I started writing another Willceau Illo News entry about one of the last round ups for the Ducks and DUCKWORK when it started to get way too long and convoluted. I decided to have mercy on my readers if any and break it up. It also needed some background and some blanks filled in. So here we go:
Brian, my younger brother and I grew up in that strange era of the 1970s in a strange place known as New Jersey. Neither one of us had any aptitude towards athletics nor were we necessarily mechanically adept so that meant that both sports and cars were not for us. We ended up with what was behind Door No. 3 – we were cursed with creative inclinations. Besides, you had to do something once you realized how dangerous it was impersonating Evel Knievel on a bicycle.
One or the other or both of us at one time or another received cassette tape recorders as Christmas and birthday gifts. Soon after we tired of trying to tape songs we liked directly from the speaker of an AM radio blaring a top 40 station, we started doing bits and comedy routines on tape. These routines were either audio spoofs of movies or knock-offs of comedy records that were wildly popular at the time. This ultimately led to us freeing our Dad’s 8mm movie equipment from storage and giving motion pictures a go. Our first movie, Brian Bubonic and The Plague, was a punk rock, musical farce shot silently.
This led to what is probably our best film, The Huns. It was a project for Brian’s Early European History Class. My guess is that the teacher got bored and decided to let his class take a shot at a creative project rather than forcing them all to write term papers which he would have to slog through and grade. Let the kids paint or draw or build a diorama or do whatever they wanted so he wouldn’t have to suffer reading a chicken scratch on loose-leaf paper analysis of the Fall of The Roman Empire. Brian offered to make a film about Attila the Hun, and a whole bunch of his classmates jumped on the bandwagon all claiming to have co-authored the script in order to get a full class credit. Brian wrote the script and edited the film. I directed. The other kids did what I told them to do which was mainly march past the camera, look mean, and most importantly, don’t look at the camera.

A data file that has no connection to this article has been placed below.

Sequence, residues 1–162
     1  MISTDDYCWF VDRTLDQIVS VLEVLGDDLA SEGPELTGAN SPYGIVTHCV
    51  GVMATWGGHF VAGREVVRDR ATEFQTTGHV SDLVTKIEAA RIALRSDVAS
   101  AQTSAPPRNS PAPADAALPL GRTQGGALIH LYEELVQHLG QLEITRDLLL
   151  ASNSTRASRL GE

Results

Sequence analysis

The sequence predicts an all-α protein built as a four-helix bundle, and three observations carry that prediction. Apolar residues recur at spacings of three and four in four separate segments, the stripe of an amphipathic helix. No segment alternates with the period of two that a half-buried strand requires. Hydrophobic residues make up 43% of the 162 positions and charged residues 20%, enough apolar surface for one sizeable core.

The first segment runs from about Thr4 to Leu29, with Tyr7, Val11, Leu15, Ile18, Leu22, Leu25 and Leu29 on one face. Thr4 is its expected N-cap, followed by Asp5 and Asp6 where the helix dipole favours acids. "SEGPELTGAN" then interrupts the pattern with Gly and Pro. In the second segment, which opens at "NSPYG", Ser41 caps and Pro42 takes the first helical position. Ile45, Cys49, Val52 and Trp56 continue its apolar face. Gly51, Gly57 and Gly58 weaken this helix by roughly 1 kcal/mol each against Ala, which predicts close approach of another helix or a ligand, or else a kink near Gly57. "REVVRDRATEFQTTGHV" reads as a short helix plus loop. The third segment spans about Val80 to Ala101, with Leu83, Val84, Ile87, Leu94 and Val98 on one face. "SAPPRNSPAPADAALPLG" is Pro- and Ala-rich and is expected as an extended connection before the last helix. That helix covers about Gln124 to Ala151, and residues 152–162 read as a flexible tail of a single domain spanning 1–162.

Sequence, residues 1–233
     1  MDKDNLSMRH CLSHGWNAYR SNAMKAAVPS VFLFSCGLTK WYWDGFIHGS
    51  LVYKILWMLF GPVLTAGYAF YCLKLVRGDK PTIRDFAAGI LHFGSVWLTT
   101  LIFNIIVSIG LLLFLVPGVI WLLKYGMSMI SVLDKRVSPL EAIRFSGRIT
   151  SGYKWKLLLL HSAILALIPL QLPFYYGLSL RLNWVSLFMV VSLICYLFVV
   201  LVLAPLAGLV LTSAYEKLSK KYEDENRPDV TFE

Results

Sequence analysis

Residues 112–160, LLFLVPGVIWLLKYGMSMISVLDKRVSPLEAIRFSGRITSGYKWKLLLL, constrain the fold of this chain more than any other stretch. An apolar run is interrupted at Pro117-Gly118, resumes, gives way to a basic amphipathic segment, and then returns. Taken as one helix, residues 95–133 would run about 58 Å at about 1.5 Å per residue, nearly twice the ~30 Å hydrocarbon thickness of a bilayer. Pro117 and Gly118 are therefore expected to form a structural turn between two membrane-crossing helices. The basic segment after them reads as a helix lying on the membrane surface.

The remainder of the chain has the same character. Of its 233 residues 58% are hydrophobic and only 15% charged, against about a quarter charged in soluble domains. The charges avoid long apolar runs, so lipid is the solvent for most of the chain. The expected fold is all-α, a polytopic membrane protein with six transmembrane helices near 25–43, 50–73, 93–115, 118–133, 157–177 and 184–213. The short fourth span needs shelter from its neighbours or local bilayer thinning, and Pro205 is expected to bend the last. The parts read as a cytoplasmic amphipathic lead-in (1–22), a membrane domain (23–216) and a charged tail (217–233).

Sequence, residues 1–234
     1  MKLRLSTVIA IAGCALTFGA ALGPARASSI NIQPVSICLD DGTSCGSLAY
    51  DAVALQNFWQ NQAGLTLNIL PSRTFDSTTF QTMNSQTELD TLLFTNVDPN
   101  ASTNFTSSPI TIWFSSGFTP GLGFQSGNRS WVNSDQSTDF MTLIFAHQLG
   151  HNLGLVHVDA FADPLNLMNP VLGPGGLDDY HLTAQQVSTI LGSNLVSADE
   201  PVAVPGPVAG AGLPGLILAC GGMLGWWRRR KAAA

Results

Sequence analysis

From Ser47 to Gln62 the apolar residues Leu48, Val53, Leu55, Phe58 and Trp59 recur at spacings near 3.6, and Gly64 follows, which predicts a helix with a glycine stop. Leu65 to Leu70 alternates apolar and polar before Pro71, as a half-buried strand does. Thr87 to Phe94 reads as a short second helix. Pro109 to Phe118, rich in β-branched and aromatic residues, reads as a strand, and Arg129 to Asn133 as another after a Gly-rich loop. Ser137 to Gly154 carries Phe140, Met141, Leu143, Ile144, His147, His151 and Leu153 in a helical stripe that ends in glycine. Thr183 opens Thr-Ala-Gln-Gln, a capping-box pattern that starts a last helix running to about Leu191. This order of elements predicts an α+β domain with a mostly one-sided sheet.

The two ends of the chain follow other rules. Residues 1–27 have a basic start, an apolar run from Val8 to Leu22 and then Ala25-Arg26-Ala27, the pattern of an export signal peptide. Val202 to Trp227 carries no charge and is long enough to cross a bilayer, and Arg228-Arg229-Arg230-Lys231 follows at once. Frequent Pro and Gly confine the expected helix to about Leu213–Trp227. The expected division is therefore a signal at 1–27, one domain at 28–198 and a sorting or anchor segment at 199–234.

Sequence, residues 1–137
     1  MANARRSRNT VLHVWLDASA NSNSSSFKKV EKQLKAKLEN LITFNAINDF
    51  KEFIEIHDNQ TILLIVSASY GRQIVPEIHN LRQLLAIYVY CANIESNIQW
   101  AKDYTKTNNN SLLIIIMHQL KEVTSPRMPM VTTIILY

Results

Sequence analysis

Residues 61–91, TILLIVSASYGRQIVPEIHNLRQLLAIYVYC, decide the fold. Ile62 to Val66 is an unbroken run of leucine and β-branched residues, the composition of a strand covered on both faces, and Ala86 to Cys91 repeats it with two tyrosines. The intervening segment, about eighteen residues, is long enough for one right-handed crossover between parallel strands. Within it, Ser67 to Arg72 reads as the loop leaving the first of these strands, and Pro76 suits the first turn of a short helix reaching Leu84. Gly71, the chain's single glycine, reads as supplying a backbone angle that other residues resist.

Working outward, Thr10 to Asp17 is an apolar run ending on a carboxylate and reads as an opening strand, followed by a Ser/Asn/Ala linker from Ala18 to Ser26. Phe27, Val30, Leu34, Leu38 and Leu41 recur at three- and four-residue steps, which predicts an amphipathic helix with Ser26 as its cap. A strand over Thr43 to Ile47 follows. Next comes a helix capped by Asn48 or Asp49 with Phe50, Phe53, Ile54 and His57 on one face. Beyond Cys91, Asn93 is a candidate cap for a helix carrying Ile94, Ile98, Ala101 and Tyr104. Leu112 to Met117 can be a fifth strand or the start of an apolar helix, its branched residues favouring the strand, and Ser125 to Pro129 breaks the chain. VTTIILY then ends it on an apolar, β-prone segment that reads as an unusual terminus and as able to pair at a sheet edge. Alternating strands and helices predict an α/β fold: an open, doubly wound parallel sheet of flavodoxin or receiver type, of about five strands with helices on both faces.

It borrowed heavily from Philip Kaufman’s The Wanderers which was being played to death on HBO at the time. It also borrowed liberally from Animal House with a bit of Monty Python thrown in.
Turning the Huns into an urban street gang was a stroke of brilliance. For one, it made it a lot easier to create the costumes. The problem was we didn’t know how guys slicked their hair. It was the late ’70s. The wet head had been dead for years and everybody, female and male, used blow dryers. We didn’t know what Brylcreem was and wouldn’t know where to find it so we figured we would try Vaseline. Brian was the guinea pig and below is the only photographic evidence. It looked great, but it took two weeks for Brian to wash that crap out of his hair. There was no way we were going to get a whole cast to grease up their hair so we opted on having the boys wet their hair down and comb it back between takes.
The Huns had a separate soundtrack on tape that was synced badly to the film. There was a lot of stopping and starting of both the tape player and the projector. It was low tech but we were happy with the result, and the cast and crew wound up acing that history class project.
We made a number of other films. If there was a grade or some kind of class credit involved, we would have a fairly sizable cast and crew. If it was just for fun, it would just be Brian, Mickey Connelly, maybe a niece or nephew and me. We attempted making horror films, but they invariably all ended up being comedies because nobody could maintain a straight face.
Yes, one day I will digitize these movies. First I have to find the soundtrack for The Huns. I’m hoping Brian has it stowed away somewhere.